- For profit small business where socially and economically disadvantaged individuals own at least 51% interest and also control management and daily business operations. African Americans, Hispanics, Native Americans, Asian-Pacific and subcontinent Asian Americans, and women are presumed to be socially and economically disadvantaged. Other individuals can also qualify as socially and economically disadvantaged on a case by case basis.
DIVERSE BUSINESS ENTERPRISE:
- A business owned and controlled by members of a diversity group (51% ownership), refers to minorities, LGBT and women owned businesses. Also, includes disabled veteran business owners and service disabled veteran business owners.
LESBIAN, GAY, BI-SEXUAL AND TRANSGENDER BUSINESS ENTERPRISE:
- Small businesses that are majority owned, managed, operated, and controlled by LGBT individuals.
DISABLED VETERAN ENTERPRISE:
- A business owned (51%) by a veteran of the U.S. military; the veteran must have a service-connected disability of at least 10% or more. Business office location and residence location are additional considerations for certification by particular programs.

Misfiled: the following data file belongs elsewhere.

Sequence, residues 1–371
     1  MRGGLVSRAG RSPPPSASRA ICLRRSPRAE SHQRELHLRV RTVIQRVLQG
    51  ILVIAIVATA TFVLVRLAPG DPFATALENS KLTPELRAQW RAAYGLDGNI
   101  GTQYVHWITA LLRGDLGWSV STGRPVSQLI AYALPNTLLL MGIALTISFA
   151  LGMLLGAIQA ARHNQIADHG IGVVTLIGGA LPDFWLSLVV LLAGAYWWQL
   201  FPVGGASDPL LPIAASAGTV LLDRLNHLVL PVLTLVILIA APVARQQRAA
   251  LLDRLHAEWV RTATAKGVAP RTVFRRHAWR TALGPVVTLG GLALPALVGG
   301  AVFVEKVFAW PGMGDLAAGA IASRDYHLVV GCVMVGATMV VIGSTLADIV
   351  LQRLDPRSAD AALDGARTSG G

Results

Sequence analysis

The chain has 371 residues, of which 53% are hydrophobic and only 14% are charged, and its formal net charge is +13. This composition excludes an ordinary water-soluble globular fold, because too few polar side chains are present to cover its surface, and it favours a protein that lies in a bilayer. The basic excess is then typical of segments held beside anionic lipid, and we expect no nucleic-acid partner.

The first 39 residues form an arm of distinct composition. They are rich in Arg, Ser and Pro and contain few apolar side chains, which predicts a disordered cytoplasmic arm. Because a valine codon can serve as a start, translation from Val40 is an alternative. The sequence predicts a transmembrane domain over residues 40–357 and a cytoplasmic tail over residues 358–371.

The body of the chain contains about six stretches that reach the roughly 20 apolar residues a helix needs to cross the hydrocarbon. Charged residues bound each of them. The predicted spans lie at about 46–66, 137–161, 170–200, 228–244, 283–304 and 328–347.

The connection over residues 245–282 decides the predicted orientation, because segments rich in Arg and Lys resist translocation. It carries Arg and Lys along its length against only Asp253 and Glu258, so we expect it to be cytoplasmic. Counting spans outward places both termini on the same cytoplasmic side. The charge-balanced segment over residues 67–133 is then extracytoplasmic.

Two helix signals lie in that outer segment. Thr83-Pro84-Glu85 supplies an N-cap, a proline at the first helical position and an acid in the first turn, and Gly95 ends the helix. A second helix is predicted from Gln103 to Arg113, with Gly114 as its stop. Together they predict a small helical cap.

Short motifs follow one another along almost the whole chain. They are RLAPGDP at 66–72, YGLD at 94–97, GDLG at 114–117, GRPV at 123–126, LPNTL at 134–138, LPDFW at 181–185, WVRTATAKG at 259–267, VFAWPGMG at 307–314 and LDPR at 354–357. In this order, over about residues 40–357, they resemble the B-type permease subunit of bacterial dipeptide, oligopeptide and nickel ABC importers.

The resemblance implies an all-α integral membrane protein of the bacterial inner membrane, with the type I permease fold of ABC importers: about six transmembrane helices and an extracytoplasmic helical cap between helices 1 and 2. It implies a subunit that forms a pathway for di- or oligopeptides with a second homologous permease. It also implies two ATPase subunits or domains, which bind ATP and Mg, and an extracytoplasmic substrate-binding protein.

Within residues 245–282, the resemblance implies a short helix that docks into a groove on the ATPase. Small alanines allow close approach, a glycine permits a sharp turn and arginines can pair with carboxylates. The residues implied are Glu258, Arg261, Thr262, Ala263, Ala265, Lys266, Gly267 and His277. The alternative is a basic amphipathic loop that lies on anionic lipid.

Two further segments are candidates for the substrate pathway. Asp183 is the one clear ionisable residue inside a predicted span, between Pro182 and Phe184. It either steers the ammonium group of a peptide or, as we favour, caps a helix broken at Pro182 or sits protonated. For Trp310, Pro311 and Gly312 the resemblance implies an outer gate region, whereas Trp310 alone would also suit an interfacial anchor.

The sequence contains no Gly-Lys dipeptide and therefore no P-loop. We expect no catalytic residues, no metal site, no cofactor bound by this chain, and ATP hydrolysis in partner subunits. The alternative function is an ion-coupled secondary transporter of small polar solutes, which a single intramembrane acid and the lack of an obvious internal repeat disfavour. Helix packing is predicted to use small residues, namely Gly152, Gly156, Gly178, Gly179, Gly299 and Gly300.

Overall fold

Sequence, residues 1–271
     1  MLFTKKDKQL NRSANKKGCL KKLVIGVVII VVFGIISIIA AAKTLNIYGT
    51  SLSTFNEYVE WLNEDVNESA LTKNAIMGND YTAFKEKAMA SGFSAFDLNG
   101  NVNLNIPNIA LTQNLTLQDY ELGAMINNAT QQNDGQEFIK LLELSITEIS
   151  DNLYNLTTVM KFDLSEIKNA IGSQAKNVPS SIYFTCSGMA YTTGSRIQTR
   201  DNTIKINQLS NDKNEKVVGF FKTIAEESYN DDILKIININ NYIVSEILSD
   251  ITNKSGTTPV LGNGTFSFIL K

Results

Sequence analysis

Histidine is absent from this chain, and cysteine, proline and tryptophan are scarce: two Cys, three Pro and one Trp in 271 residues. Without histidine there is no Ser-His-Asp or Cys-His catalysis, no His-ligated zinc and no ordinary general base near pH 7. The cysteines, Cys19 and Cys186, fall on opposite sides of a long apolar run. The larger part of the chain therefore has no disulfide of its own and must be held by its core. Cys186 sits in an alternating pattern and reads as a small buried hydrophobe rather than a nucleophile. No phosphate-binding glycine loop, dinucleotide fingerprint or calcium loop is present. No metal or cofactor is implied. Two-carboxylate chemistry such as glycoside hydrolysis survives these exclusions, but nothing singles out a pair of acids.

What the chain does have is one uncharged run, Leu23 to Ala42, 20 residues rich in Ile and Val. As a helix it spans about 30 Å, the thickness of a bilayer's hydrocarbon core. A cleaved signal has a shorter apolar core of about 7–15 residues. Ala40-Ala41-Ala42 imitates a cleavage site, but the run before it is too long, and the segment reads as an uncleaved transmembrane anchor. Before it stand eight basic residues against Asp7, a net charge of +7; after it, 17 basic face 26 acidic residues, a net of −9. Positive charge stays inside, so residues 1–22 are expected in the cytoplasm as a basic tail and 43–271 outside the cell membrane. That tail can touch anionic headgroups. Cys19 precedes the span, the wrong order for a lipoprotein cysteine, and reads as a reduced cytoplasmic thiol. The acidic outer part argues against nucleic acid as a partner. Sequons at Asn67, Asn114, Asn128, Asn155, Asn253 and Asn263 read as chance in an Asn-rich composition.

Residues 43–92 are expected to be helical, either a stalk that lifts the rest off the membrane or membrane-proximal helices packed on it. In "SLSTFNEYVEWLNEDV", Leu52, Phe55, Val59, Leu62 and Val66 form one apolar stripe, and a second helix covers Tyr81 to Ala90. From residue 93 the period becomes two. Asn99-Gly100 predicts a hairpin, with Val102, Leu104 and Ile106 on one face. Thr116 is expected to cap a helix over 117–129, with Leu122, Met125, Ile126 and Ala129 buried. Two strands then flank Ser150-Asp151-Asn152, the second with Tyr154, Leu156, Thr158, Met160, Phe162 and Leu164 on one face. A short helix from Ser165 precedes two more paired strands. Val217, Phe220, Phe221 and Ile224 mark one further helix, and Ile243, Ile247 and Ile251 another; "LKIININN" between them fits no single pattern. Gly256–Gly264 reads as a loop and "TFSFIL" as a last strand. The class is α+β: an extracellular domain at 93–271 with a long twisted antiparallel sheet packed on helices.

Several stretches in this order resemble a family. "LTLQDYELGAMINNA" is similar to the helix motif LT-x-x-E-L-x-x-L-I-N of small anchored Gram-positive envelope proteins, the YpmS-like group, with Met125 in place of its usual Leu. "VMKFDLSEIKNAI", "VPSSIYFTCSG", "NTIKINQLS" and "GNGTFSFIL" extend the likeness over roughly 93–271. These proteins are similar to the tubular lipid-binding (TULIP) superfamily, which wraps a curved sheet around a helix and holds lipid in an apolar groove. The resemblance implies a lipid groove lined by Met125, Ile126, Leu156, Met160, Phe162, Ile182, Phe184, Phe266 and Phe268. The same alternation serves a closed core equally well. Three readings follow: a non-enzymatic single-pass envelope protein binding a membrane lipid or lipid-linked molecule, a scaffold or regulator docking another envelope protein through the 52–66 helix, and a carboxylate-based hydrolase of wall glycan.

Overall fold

CERTIFICATIONS: Caltrans recognizes 3 certification types.
- For the Federal Program Caltrans accepts a disadvantaged business enterprise certification. To learn about the program and requirements for certification, please visit the Caltrans OBEO website.

- For the State Program Caltrans accepts a small business certification and a disabled veteran certification. To learn about the program and requirements for certification, please visit the DGS program website.

CONTACT THE INDEPENDENT OFFICE OF AUDITS AND INVESTIGATIONS:

Physical Address:
California Department of Transportation - Independent Office of Audits and Investigations
1304 O Street, Suite 200
Sacramento, CA 95814

Mailing Address:
California Department of Transportation - Independent Office of Audits and Investigations
Mail Station 2
P. O. Box 942874
Sacramento, CA 94274-0001

Phone: (916) 323-7111